The first consideration is needle length and the depth from the skin of the intervertebral foramen. Given that the C6 root is the accepted target of an ISBPB, the important data in this respect are the distances between the three markers and the C6 intervertebral foramen. The classic interscalene approach marker (marker 3) left the skin at a median (range) distance from the intervertebral foramen of 3.7 (2.5–5.9) cm. This implies that if a 5-cm needle is used, the intervertebral foramina of the majority of patients could be reached using the classic interscalene approach. A 2.5-cm needle has been recommended in the literature.16If a 2.5-cm needle were used, it would still be possible in some patients to insert the needle into the intervertebral foramen, especially if the skin were indented by the anesthesiologist’s finger resting, for example, on the interscalene groove. The distance data for marker 1 and marker 2 are 4.3 (3.4–5.6) and 3.9 (3.3–5.3) cm, respectively. These data suggest, but do not conclusively prove, that it would be difficult to gain access to the intervertebral foramen with a 2.5-cm using these approaches in some patients, although a 5-cm needle would be able to reach the foramen in the majority of patients. However, when using higher approaches, it is possible that the distance between the skin and the upper root of the brachial plexus may be more than 2.5 cm, thereby mandating the use of a 5-cm needle.

The second consideration is whether the needle is directed toward the intervertebral foramina in traditional ISBPB approaches. Winnie’s original description of the needle angle was vague: mostly medial but slightly posterior and slightly caudad.2Our data suggest that the median (range) caudal angle that would allow needle access to the intervertebral foramen of the C6 vertebra is 6.8° (−9.9° to 26.8°), i.e. , slightly caudad for the majority of patients. However, a needle angulation of greater than 30° would seem to ensure that the needle will pass below the C6 foramen. However, the cricoid landmark is not a reliable guide to vertebral level and may lie anywhere between the C5 and C7 levels.17The caudal angle necessary to gain access to the C7 intervertebral foramen from the classic interscalene entry point (marker 3) was 28.8° (15.9°–46.9°), which suggests that a caudal angle greater than 50° would ensure that the needle passes below the C7 foramen.

The third consideration is whether the needle approach angle, i.e. , the vector of the needle during its insertion, is in alignment with the exit angle, i.e. , the vector at which the nerves are exiting from the intervertebral foramen. It is likely that the smaller this angle is, and therefore the greater the degree of alignment is, the greater the chance is that the needle can pass into the foramen. Again, taking the C6 vertebra and the three approaches determined by the three markers, the greatest degree of alignment, i.e. , the smallest discrepancy angle, is seen with the classic interscalene approach (marker 3). The median (range) discrepancy angle for the classic interscalene approach to the C6 vertebra is 29.6° (18.6°–66.0°), the smallest discrepancy angle for the three approaches to any of the five cervical vertebrae studied.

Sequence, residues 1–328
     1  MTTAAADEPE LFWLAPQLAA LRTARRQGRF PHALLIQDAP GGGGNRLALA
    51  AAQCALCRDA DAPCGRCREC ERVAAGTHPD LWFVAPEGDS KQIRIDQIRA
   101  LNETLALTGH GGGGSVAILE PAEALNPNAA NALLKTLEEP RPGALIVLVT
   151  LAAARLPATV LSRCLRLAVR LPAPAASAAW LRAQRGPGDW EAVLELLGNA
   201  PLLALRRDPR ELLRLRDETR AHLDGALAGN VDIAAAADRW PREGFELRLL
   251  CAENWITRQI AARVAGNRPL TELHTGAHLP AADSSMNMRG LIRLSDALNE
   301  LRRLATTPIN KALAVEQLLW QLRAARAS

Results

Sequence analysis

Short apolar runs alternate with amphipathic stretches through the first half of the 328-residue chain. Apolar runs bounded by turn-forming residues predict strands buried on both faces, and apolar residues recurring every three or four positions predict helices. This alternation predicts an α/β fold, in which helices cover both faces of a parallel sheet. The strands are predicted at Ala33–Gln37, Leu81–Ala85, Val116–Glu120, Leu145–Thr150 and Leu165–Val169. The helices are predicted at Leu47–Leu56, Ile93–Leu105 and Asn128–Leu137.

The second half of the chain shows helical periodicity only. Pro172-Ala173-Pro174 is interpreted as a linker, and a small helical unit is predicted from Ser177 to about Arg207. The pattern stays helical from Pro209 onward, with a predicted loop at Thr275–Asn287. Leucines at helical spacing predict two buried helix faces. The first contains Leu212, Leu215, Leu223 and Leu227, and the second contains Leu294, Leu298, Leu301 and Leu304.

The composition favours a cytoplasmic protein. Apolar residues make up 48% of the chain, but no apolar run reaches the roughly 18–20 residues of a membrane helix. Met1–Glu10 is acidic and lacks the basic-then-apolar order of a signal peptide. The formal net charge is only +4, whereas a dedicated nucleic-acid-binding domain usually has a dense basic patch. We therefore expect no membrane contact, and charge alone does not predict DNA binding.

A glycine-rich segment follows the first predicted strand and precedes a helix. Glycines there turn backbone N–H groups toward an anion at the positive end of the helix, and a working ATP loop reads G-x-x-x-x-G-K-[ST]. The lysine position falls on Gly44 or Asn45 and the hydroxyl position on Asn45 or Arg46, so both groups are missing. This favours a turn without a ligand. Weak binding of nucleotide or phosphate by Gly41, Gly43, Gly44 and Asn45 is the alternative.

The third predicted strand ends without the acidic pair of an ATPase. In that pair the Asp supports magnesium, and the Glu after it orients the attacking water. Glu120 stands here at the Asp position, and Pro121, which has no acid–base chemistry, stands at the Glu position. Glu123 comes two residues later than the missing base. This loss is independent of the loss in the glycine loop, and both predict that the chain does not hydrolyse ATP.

There is a question of whether the extent to which the neck is turned before insertion of the needle affects the needle entry angles relative to the spine. Our data suggest that when a healthy patient’s neck is turned in preparation for an ISBPB, there is little rotation (turn angle) at the vertebrae in the “target area” for the block, and hence this factor is unlikely to affect the needle angles.

Our results seem to be supported by a study performed by Wong et al. ,15who calculated the ideal needle angle to access the upper roots of the brachial plexus with a traditional ISBPB entry point at the C6 vertebral level. Using magnetic resonance images, they calculated that the median (range) ideal angle relative to the sagittal plane was 61.1° (50°–78°). Two points arise from the article of Wong et al. . First, this angle is similar to the C6 intervertebral foramen angle that we measured (50.4°[40.0°–65.4°]). Second, the illustration in the article of Wong et al.  of the “ideal” angle shows the needle path passing through the spinal cord.

The introduction to this article posed the question of whether the traditional classic interscalene approach for ISBPB aligned the needle path necessary to reach the upper roots of the brachial plexus with the path that would allow passage of the needle through the intervertebral foramen and into the spinal canal. The answer to this question that emerges from our data, albeit from a small study, is that the alignment is not perfect and that a competently performed classic interscalene ISBPB with a short (2.5 cm) needle should not pose a threat to a patient’s neuraxis. However, of the three needle approaches studied, represented by the three markers, the classic interscalene approach (marker 3) creates the greatest degree of alignment.

Does this conclusion mean that the classic interscalene approach is unsafe and should be abandoned in favor of more proximal entry points? The answer is not simple. The classic interscalene approach has been used for many years and seems to be safe in the hands of an experienced, competent practitioner. Currently, there are no clinical data to suggest that it is more unsafe than the proximal approaches. However, not all practitioners are experienced and competent, and we think that our data adds support to the view that a more proximal ISBPB approach with a markedly caudad needle angle offers the patient a greater degree of protection against entry into the spinal cord from regional anesthetic practice that falls short of ideal. Whether a higher approach needing a direction of needle more parallel to the cervical spine can increase the risk of other complications such as pneumothorax remains unanswered with this study.

The authors thank all of the radiographers in the MRI Unit at Addenbrooke’s Hospital, Cambridge, United Kingdom, without whom this study would not have been possible.